Dai’s parents were farmers, and his early years were spent looking after their pigs and cows in Jiangsu province, the fourth of six children.
But Dai’s family were ambitious for him and maintained his schooling. He won a place at Renmin University where he studied finance. The extended family paid his way, although it was hardly a princely sum. His living expenses were just $2.50 a month. (Read more..)
From the younger generation of super-rich, Liu Yiqian is China’s biggest art collector.
Chinese media have dubbed him “the eccentric Mr Liu” because he wears T-shirts to work and shaves only occasionally, but his investment style suggests he is highly savvy. (Read more..)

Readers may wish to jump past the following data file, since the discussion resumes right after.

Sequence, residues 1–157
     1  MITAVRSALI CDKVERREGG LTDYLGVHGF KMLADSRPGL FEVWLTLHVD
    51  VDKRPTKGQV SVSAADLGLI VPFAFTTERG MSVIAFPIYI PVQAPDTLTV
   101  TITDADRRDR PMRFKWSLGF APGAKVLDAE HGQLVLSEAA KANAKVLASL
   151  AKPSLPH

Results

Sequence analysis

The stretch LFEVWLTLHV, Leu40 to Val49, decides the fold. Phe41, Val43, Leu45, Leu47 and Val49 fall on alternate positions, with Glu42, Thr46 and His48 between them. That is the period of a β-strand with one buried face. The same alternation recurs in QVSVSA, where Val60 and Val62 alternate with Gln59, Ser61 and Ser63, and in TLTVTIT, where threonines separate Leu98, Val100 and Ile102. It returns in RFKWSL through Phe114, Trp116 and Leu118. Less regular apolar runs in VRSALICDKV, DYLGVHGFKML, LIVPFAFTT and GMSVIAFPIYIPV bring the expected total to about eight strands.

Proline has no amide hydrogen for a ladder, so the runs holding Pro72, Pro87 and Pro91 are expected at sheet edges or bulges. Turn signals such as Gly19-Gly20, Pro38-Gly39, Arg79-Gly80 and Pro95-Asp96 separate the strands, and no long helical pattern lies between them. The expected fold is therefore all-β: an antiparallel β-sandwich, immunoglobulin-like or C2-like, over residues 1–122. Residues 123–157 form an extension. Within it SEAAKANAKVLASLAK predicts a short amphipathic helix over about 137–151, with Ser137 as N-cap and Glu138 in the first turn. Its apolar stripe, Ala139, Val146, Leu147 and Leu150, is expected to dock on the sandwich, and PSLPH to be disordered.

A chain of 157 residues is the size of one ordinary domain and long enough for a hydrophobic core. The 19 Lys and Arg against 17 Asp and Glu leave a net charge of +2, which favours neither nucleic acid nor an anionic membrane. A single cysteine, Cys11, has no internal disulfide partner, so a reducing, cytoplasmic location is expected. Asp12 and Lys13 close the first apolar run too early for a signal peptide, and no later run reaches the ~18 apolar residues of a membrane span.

Zheng Yonggang is unusual amongst China’s top entrepreneurs.
Firstly, his $600m (£377m) fortune was built by taking a state-owned firm into the private sector, whereas most wealth is made from companies started from scratch. (Read more..)
As a teenager Zhou Xiaoguang hauled a 50kg bag of trinkets around China on night trains selling her wares. Now her company, Neoglory, is the world’s market leader in costume and fashion jewellery.
Neoglory once was a simple low-cost manufacturer, churning out cheap rings, bracelets and necklaces. (Read more..)
There is little information in the public domain about energy company boss Zhu Gongshan – and one gets the impression he prefers it that way.
While other billionaires invited me to their offices or even their homes, Zhu preferred to talk in a hotel suite hired solely for the occasion. (Read more..)
I met Zong Qinghou, by some measures China’s richest man, in his office – an anonymous building near Hangzhou railway station.
His company Wahaha has a 15% share of China’s soft drinks market, and sales of nearly a billion dollars a year in children’s clothing. (Read more..)